Hedge Funds: You Name It, They Trade It
The hedge fund manager's answers to my questions revealed what I don't like about that style of investing.
Note from Knight Kiplinger: Hedge funds are coming under fire, with recent articles in The Washington Post and BloombergBusinessweek. In this column written six years ago, when hedge funds were flying high, I laid out what I didn't like about them on principle: their lack of transparency, liquidity and government regulation, plus their high management fees. I still feel the same.
You should give your money only to investment managers who can clearly explain their investment strategy, who will give you back your money whenever you need it, who are subject to regulatory oversight, and who charge reasonable fees. And never put all your money in a single investment fund, even a mutual fund from a respected fund family. The bottom line: Know what you're investing in, spread your money over several asset classes (stocks, bonds, real estate, etc.), and use numerous money managers and index funds.
Read our Fund Watch column: Are Hedge Funds Right for You?
The other day I spoke with a money manager who wanted me to invest with his firm. I had a lot of questions.
What do you invest in? I asked.
"Anything that we think is poised for a gain at any particular moment," he replied.
"U.S. and foreign stocks and bonds, currencies, petroleum and metals futures, office buildings, start-up ventures, private companies, mortgages, shares of companies about to go public. You name it, we trade it."
How will I know which kinds of assets my money is in at any given moment?
"You won't. Our clients trust us to move their money in and out of all kinds of assets rapidly, and there isn't time to tell you in advance."
What trading techniques do you use?
"Any and all that we deem suitable to the circumstances: buying on margin, short selling, derivatives -- whatever."
Can I withdraw my investment on short notice?
"Actually, no. It would hamper our performance to offer instant liquidity to our investors. But after we've had your money for one year, you can usually withdraw it once a quarter or so, depending on market conditions."
What's the minimum investment for opening an account?
"We originally required at least $1 million, but we're pleased to announce a new program for the smaller investor, with an opening minimum of just $100,000."
What's the annual cost of your services?
"We charge you 2% of your account value each year, and we keep 20% of your investment gains."
Isn't that a little steep? After all, hot-shot mutual fund managers like Bill Miller at Legg Mason and Ken Heebner at CGM charge just 2% or less each year and there's no "incentive fee," so I keep almost 100% of my gains.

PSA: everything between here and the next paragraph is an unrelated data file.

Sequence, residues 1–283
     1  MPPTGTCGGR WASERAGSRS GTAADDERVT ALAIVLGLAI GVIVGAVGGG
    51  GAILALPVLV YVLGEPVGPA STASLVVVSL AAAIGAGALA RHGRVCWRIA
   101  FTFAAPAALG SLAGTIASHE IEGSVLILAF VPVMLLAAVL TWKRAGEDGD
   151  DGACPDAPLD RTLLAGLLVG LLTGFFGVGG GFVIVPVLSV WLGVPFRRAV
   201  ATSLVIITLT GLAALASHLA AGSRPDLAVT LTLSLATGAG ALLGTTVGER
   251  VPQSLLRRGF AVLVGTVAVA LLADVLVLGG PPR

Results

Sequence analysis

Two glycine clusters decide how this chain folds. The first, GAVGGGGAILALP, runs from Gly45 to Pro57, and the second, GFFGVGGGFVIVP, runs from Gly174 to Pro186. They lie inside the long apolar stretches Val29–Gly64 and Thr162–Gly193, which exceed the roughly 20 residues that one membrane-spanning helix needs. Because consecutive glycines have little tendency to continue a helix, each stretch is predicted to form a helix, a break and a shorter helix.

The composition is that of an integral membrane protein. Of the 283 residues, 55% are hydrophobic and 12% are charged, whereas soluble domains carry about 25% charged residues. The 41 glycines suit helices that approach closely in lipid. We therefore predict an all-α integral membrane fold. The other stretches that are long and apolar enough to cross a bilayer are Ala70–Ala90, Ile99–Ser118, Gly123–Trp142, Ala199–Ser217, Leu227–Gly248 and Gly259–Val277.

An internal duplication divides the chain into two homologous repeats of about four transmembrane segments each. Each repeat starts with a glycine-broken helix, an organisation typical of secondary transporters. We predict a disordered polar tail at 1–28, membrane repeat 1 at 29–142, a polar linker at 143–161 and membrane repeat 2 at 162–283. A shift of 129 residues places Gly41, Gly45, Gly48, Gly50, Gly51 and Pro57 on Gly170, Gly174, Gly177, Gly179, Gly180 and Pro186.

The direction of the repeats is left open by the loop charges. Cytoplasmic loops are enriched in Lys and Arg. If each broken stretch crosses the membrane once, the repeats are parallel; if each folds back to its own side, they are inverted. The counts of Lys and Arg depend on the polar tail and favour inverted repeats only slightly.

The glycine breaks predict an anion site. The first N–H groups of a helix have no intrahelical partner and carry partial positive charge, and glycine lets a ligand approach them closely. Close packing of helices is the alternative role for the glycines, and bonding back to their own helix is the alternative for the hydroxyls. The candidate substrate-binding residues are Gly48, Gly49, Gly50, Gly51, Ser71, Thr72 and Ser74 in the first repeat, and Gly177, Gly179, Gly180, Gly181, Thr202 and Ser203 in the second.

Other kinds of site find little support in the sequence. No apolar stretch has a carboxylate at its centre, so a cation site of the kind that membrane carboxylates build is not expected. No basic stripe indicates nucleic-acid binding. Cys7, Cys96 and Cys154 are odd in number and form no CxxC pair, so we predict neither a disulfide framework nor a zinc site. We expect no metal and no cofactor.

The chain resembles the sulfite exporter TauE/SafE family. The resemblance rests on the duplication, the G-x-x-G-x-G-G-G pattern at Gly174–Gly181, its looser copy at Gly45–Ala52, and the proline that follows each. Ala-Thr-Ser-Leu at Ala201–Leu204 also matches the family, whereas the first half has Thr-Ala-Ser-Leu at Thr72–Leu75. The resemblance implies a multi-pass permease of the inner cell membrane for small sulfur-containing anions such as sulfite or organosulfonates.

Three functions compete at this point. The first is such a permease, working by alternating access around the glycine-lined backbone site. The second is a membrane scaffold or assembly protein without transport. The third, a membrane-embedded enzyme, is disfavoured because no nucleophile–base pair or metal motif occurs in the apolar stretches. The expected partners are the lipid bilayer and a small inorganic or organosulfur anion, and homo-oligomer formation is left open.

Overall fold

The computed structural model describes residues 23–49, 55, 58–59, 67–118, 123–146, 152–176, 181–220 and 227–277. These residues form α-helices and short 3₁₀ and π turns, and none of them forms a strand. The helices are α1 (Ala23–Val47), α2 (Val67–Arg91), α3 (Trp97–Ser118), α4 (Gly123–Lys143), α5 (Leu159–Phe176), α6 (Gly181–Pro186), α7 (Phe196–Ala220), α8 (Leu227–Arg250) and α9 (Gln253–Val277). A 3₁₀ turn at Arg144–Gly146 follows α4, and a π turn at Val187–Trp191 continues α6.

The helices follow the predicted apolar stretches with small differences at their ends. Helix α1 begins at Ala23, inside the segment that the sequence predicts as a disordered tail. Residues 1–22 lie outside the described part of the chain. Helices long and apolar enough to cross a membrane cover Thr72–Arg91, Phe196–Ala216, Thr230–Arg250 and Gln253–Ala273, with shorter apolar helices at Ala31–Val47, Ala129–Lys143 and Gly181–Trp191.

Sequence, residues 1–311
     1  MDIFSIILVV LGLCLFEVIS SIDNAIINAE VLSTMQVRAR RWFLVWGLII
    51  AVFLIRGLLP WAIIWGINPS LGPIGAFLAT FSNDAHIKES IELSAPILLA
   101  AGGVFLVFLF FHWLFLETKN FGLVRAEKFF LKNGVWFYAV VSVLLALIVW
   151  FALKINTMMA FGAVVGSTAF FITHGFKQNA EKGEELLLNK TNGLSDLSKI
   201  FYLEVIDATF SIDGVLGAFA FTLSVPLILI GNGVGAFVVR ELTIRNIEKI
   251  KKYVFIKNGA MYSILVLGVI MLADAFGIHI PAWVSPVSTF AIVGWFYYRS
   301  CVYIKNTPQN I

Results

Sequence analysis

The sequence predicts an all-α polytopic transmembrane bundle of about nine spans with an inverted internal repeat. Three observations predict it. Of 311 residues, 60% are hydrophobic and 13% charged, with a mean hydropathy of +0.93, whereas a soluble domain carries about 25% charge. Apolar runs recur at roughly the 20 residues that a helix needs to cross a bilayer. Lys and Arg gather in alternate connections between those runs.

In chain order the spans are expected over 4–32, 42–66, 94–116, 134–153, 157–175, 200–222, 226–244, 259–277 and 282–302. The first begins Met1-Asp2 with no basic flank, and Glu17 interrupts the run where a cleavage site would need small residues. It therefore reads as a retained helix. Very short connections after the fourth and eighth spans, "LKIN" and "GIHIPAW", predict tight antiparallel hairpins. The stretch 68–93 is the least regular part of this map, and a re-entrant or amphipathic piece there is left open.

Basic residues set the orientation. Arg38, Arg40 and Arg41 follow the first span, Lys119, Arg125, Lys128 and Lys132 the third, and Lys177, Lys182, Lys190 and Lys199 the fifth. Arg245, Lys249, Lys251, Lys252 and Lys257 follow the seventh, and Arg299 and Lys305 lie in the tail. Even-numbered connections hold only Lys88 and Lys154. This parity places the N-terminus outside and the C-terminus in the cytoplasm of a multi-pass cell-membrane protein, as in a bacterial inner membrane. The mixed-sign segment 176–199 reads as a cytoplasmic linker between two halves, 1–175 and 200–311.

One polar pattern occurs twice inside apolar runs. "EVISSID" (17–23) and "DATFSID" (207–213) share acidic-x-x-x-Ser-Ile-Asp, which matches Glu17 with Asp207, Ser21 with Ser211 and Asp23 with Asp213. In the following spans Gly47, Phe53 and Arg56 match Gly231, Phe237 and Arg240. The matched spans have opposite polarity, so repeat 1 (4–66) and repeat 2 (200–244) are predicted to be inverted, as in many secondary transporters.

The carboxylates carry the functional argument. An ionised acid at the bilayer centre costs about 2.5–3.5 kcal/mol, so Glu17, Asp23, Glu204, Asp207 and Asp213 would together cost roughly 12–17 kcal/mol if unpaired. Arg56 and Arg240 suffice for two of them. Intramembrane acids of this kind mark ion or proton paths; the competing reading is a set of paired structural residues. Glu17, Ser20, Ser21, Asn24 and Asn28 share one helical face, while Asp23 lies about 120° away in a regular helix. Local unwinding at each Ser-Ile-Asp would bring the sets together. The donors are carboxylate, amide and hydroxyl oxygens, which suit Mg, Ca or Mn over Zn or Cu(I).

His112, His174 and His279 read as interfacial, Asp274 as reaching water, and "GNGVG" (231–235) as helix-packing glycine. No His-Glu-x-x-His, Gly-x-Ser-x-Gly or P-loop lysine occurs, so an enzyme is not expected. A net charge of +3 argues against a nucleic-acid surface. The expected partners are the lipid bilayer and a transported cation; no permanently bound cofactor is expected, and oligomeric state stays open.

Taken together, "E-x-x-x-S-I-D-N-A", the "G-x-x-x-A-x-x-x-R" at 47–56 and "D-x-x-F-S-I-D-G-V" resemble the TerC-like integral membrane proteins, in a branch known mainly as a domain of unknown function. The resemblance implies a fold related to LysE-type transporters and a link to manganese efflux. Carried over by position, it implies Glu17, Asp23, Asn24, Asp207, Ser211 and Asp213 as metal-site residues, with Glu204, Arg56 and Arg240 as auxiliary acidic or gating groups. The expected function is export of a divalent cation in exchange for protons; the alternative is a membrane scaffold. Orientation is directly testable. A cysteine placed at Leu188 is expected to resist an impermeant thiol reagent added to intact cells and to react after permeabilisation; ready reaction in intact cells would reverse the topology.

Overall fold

"Sure, they've done a great job of beating the big indexes year after year, but our firm is doing far better for our clients, even after we take our 20% off the top."
Can you send me some audited performance data going back, say, five years?
"Well, we started our company two years ago, and performance varies a bit from account to account. But our managers have great records from their previous jobs."
Is your fund registered with, or regulated by, any government agency or industry watchdog?
"Not at present, but I hear there's some talk about future oversight by the Securities and Exchange Commission."
If you haven't guessed by now, this pitch was from a hedge fund -- and I took a pass. The answers to my questions revealed what I don't like about their style of investing.
To summarize: Hedge funds are unregulated pools of capital that may trade in any asset class, with any methods they wish and without telling clients in advance how they plan to invest the money. They charge high fees and offer limited liquidity.
The pioneers of hedge funds included quite a few brilliant investors, and their returns were often eye-popping, as they darted in and out of undervalued assets all over the globe. But just as adding teams to Major League Baseball dilutes the average quality of pitchers, the proliferation of hedge funds has strained the supply of investment talent.
With hedge-fund managers often overpaying for the same foreign stocks, private-equity deals and initial public offerings, it's not surprising that average hedge-fund returns are coming down to earth -- and will likely flatten further.
But as competition for capital intensifies, so will the pressure to produce dazzling returns. Chasing big rewards always requires taking big risks -- with the potential for big losses.So when it comes to hedge funds, I'll just say no.